Bettors wagered $16M in the first two weeks of N.J. sports betting

The Monmouth Park racetrack in Oceanport, as well as the Borgata and Ocean Resort casinos in Atlantic City, reaped $1.2 million in revenue from completed bets between June 14-30. (Julio Cortez/AP Photo)

The Monmouth Park racetrack in Oceanport, as well as the Borgata and Ocean Resort casinos in Atlantic City, reaped $1.2 million in revenue from completed bets between June 14-30. (Julio Cortez/AP Photo)

People with opinions on professional sports — and enough confidence to put their money where their mouth is — wagered $16.4 million in the first two weeks of legalized sports betting in New Jersey, a month after the U.S. Supreme Court lifted a nationwide ban on the practice.

The Monmouth Park racetrack in Oceanport, as well as the Borgata and Ocean Resort casinos in Atlantic City, reaped $1.2 million in revenue from completed bets between June 14-30.

Of the $16.4 million wagered, about $1 million was bet on future events that have not yet paid out.

Players bet $10.1 million on events related to Major League Baseball and $2.2 million on soccer.

The numbers were released Thursday by the state Division of Gaming Enforcement.

“It’s a very good indicator that [sports betting] has taken off and is going to continue to grow,” said Rummy Pandit, executive director of the Lloyd D. Levenson Institute of Gaming Hospitality & Tourism at Stockton University.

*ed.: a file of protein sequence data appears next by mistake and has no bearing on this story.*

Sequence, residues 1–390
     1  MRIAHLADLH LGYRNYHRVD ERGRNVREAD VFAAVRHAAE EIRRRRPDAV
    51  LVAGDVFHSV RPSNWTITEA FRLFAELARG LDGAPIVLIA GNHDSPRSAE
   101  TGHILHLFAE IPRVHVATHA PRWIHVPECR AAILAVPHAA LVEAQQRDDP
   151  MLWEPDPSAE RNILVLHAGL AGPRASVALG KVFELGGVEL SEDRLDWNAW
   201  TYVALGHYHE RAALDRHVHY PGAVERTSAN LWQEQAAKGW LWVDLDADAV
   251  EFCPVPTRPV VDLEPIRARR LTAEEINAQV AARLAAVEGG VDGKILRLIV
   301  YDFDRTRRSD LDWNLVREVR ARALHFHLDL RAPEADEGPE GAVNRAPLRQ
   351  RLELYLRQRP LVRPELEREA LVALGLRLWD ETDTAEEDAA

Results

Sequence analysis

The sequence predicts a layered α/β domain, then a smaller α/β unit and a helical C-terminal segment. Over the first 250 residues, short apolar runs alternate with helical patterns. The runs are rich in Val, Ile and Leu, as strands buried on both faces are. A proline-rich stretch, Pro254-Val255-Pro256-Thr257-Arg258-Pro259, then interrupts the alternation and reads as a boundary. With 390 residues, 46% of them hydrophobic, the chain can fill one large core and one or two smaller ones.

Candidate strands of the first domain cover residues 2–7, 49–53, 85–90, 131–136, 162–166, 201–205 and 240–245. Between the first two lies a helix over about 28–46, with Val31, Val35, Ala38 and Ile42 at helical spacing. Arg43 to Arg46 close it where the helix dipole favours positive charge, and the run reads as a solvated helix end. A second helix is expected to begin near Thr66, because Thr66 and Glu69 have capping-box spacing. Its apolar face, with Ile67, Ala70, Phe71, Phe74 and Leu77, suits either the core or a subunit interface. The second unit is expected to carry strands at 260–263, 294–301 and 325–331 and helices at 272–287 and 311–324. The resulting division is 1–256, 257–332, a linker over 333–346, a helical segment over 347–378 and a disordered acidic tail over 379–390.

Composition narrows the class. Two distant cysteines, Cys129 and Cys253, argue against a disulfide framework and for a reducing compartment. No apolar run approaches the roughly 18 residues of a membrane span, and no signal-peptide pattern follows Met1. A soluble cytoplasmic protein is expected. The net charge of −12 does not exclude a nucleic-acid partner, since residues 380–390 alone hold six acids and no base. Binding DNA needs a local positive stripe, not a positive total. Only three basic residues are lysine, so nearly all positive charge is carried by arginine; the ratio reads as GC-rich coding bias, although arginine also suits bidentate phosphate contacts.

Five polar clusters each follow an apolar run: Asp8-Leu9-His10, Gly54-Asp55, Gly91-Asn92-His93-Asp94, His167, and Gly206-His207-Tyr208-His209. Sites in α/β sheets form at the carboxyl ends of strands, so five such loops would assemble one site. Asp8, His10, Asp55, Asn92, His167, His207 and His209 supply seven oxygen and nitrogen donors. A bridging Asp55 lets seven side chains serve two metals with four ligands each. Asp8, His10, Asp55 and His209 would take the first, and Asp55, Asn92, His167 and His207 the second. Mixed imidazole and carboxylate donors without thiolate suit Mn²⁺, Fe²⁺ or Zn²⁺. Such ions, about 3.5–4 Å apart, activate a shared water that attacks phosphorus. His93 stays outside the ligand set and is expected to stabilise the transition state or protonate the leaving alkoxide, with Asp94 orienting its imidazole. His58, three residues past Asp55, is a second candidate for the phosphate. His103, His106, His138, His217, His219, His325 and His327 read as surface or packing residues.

The first two weeks of legalized sports betting in New Jersey came after years of courtroom battles in which the state sought to lift the federal ban on athletic wagering outside Nevada and a few other states.

Former Gov. Chris Christie and other Garden State officials hailed the May decision as a major step forward for New Jersey, which was hoping use sports betting to increase its tax revenues and prop up the struggling gambling market in Atlantic City.

Monmouth Park and Borgata began accepting wagers on June 14th, followed by Ocean Resort which opened its sportsbook on June 28th.

For the period covered in Thursday’s report, the three venues must pay an 8.5 percent state tax on nearly $3.5 million, which includes not only gross revenue but also future bets that are not yet complete as well as winnings that bettors have not yet collected.

Bettors have a year to pick up their winnings. After that, the money is split evenly between the state and the racetrack or casino.

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